On October 18, the Pennsylvania Supreme Court decided Nextel Communications of the Mid-Atlantic, Inc. v. Commonwealth, 6 EAP 2016, holding that the state's net loss limitation violates the state constitution. The Court declined, however, to award a refund to Nextel because -- although the court severed the flat-dollar limitation -- the court left intact the limitation based on a percentage of Nextel's income. Nextel filed an application for re-argument.

Speakers: Kyle O. Sollie Paul E. Melniczak

Event Type: Seminar

Location Name:
Start Date/Time:
8 November 2017, 2:00 PM ET
End Date/Time:
8 November 2017, 2:30 PM ET

Meanwhile, taxpayers need to watch another appeal--RB Alden v. Commonwealth, 60 MAP 2017. RB Alden was filed with the state supreme court recently. RB Alden's facts are similar to Nextel's except that RB Alden involved the 2006 year, when Pennsylvania did not have a percentage-based limitation. Applying Nextel to RB Alden means the court should strike the flat-dollar limitation, leaving no limitation at all. If that happens, that's good news for taxpayers with refunds pending for years before 2007. We think, however, that because of the legislative history associated with Act 116 of 2006 (which gave us the percentage-based limitation starting in 2007), RB Alden should give the court reason to reconsider its refusal to allow refunds after 2006.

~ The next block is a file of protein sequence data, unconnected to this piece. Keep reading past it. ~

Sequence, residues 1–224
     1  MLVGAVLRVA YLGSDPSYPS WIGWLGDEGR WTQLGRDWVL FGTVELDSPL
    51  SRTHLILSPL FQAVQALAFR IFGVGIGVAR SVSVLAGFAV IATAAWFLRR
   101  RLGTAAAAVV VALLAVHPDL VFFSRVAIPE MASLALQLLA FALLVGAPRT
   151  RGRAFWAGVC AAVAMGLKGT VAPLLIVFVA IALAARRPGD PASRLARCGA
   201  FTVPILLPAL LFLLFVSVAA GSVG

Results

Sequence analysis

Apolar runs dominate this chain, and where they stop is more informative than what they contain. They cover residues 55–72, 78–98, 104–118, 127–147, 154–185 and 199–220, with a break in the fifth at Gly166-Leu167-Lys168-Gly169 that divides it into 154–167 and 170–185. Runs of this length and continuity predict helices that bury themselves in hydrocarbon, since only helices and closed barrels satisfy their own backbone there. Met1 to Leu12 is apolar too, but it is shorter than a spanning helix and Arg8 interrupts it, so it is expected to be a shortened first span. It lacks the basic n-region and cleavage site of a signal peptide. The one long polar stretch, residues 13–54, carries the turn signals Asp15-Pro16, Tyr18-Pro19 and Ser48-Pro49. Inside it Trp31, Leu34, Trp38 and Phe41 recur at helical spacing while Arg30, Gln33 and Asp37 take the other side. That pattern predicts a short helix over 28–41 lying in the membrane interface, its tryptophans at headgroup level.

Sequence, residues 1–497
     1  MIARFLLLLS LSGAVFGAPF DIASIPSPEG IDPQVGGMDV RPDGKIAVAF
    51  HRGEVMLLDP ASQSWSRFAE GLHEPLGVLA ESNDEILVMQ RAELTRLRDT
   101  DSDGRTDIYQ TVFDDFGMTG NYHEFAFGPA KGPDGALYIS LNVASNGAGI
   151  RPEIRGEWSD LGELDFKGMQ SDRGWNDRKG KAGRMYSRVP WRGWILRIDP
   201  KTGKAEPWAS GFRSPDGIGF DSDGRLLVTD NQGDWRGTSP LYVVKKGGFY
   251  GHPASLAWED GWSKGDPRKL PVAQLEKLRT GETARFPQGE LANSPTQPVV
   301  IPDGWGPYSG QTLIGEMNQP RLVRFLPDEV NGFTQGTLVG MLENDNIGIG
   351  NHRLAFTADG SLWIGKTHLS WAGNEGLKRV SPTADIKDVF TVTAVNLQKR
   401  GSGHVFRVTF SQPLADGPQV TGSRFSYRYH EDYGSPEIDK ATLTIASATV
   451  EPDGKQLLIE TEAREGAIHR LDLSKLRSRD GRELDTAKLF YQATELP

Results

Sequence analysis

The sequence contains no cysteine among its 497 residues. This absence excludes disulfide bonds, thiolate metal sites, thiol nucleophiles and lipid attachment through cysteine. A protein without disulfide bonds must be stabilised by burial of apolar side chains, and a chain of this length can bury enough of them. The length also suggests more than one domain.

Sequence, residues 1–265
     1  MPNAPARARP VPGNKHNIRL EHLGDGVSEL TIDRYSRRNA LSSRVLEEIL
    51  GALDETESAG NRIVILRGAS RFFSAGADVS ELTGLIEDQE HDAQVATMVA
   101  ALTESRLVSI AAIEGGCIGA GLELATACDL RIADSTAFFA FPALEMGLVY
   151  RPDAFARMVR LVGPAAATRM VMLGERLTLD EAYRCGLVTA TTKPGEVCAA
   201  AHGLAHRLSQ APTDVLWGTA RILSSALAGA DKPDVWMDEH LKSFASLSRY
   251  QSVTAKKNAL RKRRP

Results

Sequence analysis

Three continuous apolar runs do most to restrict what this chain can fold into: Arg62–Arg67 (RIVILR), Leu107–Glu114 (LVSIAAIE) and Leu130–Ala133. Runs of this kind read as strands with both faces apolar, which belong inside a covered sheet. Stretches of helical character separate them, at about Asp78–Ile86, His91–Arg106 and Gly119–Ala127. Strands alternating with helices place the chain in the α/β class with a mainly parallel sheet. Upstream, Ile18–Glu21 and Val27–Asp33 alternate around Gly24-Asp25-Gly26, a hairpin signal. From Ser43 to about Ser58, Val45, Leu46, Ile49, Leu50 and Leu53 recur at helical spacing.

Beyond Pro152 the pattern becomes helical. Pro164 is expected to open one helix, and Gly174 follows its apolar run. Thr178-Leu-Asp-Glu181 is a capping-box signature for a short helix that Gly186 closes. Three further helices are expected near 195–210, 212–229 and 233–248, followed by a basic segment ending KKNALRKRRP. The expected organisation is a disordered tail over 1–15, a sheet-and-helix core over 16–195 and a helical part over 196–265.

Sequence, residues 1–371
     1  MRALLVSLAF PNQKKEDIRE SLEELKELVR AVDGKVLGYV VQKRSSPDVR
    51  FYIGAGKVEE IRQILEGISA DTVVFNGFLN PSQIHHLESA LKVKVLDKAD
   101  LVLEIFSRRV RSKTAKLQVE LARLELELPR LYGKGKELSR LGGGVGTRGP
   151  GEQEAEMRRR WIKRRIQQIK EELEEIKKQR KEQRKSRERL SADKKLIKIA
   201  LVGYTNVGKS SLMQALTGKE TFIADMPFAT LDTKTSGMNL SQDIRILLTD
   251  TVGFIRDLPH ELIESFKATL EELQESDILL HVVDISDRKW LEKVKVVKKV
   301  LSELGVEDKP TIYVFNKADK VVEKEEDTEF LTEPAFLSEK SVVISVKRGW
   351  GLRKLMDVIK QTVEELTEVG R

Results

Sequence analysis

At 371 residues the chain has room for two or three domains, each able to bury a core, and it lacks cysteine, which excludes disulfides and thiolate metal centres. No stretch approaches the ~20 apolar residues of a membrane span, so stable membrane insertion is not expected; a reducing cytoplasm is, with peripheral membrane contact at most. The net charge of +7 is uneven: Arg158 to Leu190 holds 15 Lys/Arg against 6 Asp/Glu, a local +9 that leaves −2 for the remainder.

We are hosting a webinar on November 8 to discuss the implications of Nextel and RB Alden for your company. We will cover:

  • Whether you can expect a refund for tax years before 2007
  • Why RB Alden may affect your pending appeals for years after 2006
  • Whether you have any risk in any year if you relied on the flat-dollar limitation
  • Whether the administrative boards will start deciding appeals that have been held pending Nextel, and how you should respond
  • Your reporting options for your 2016 return (if you haven't filed it  yet)
  • Whether Nextel may actually increase some taxpayers' deferred tax assets